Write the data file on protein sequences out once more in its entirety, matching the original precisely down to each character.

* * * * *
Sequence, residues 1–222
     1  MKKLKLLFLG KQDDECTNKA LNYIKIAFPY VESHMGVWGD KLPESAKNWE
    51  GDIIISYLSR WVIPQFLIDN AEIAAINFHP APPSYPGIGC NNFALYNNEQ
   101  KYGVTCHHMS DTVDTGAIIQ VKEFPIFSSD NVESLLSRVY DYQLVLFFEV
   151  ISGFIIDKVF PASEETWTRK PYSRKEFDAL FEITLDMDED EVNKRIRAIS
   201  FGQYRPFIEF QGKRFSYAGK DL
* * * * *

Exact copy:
Sequence, residues 1–222
     1  MKKLKLLFLG KQDDECTNKA LNYIKIAFPY VESHMGVWGD KLPESAKNWE
    51  GDIIISYLSR WVIPQFLIDN AEIAAINFHP APPSYPGIGC NNFALYNNEQ
   101  KYGVTCHHMS DTVDTGAIIQ VKEFPIFSSD NVESLLSRVY DYQLVLFFEV
   151  ISGFIIDKVF PASEETWTRK PYSRKEFDAL FEITLDMDED EVNKRIRAIS
   201  FGQYRPFIEF QGKRFSYAGK DL